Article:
This story includes details on the impacts of climate change that may be difficult for some readers. If you are feeling overwhelmed by this crisis situation here is a list of resources on how to cope with fears and feelings about the scope and pace of the climate crisis.
Two years into its worst drought in four decades, distress in the Horn of Africa is deepening, with more than 16 million people now at risk of profound water and food insecurity, and the women and children of the region’s pastoralist communities suffering most.
Drought and searing temperatures have decimated crops and sent herders off in search of water for their remaining goats and cows, leaving their wives and children to struggle on alone, writes Bloomberg. The news story tells the case of Mumina Mohammed, mother of nine, whose husband left on such a quest from their village in eastern Kenya, three months ago.
“It’s a very heavy responsibility to raise all these children alone. All of them need food and it’s very stressful,” Mohammed, 30, told Bloomberg.
“Whenever there is rain, I’ll expect my husband will come back,” she added.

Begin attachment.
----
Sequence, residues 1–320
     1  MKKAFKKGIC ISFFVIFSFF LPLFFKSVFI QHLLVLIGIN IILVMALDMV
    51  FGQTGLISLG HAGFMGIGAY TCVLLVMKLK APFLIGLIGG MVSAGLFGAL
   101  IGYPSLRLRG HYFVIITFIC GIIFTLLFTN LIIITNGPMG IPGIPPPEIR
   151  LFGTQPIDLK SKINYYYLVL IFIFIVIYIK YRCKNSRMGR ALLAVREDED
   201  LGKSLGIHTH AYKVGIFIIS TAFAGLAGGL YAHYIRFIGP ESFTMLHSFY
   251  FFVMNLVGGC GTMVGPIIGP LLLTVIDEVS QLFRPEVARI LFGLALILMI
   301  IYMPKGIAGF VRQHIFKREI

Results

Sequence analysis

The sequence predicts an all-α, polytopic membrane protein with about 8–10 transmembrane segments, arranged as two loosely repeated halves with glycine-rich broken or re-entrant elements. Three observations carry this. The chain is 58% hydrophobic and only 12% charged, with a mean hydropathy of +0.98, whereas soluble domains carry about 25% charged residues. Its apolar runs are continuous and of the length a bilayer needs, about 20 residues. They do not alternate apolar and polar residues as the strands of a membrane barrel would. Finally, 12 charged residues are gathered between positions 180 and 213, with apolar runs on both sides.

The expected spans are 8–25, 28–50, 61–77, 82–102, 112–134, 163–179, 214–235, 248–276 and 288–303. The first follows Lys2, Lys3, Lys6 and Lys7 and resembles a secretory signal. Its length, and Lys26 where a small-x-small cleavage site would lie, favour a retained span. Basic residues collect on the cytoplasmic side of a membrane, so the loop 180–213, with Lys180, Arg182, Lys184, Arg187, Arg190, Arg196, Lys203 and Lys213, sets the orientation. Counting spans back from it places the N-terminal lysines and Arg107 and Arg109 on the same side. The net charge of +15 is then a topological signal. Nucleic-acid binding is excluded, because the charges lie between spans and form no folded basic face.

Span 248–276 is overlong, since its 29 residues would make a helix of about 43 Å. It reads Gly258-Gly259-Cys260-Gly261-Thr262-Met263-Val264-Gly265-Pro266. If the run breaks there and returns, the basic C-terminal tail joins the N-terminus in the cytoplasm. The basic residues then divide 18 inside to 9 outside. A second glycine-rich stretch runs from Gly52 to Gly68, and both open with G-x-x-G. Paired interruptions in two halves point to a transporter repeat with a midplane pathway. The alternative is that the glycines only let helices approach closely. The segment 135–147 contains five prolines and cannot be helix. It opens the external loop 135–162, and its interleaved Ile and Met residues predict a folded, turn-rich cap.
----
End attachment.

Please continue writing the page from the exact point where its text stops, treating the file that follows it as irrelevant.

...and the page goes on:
With weather patterns in Kenya in such disarray—the country “typically gets most of its rainfall between March and June and some showers between October and December,” but has been parched since late 2020—there is no certainty as to when the rain will come.
While the Kenyan government insists it is doing all it can to help people like Mohammed and her children, recently waiving import duties on 540,000 tons of corn and raising the minimum wage 12%, Sharmake Mohamed, head of a group of Kenyan wildlife conservancies, said authorities are not doing enough to help the country’s pastoralists.
Mohamed warned that Kenya “is sitting on a time bomb,” urging greater investment in agriculture and in climate mitigation. “We need to look at the repercussions of the pastoralist community being ignored.”
The herders and their families account for about 20% of Kenya’s 55 million people and occupy more than 70% of its land, Bloomberg notes.
Adding to the potential for future harm—and a great deal of present-day despair—is the fact that many children have been forced to leave school, as their drought-ravaged families can no longer afford the fees.
In Nunow, Mumina Mohammed’s village, a grade 4/5 class that welcomed 33 pupils in August last year now has only eight. Teacher Maryan Ahmed told Bloomberg that “boys were prioritized for schooling and girls as young as nine were increasingly being married off for dowry payments, or to ease economic pressure on their desperate families.”